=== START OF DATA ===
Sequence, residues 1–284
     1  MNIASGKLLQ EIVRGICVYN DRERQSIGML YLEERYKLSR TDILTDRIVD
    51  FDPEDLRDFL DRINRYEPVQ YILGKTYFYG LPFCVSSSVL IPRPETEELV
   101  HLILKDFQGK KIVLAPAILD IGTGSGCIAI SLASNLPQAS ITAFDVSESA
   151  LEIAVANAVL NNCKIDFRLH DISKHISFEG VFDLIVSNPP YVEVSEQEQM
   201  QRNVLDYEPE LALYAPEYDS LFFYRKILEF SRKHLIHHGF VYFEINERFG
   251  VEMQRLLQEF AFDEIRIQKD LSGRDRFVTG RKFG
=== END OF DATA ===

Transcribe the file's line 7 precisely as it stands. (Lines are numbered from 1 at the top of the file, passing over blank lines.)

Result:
   251  VEMQRLLQEF AFDEIRIQKD LSGRDRFVTG RKFG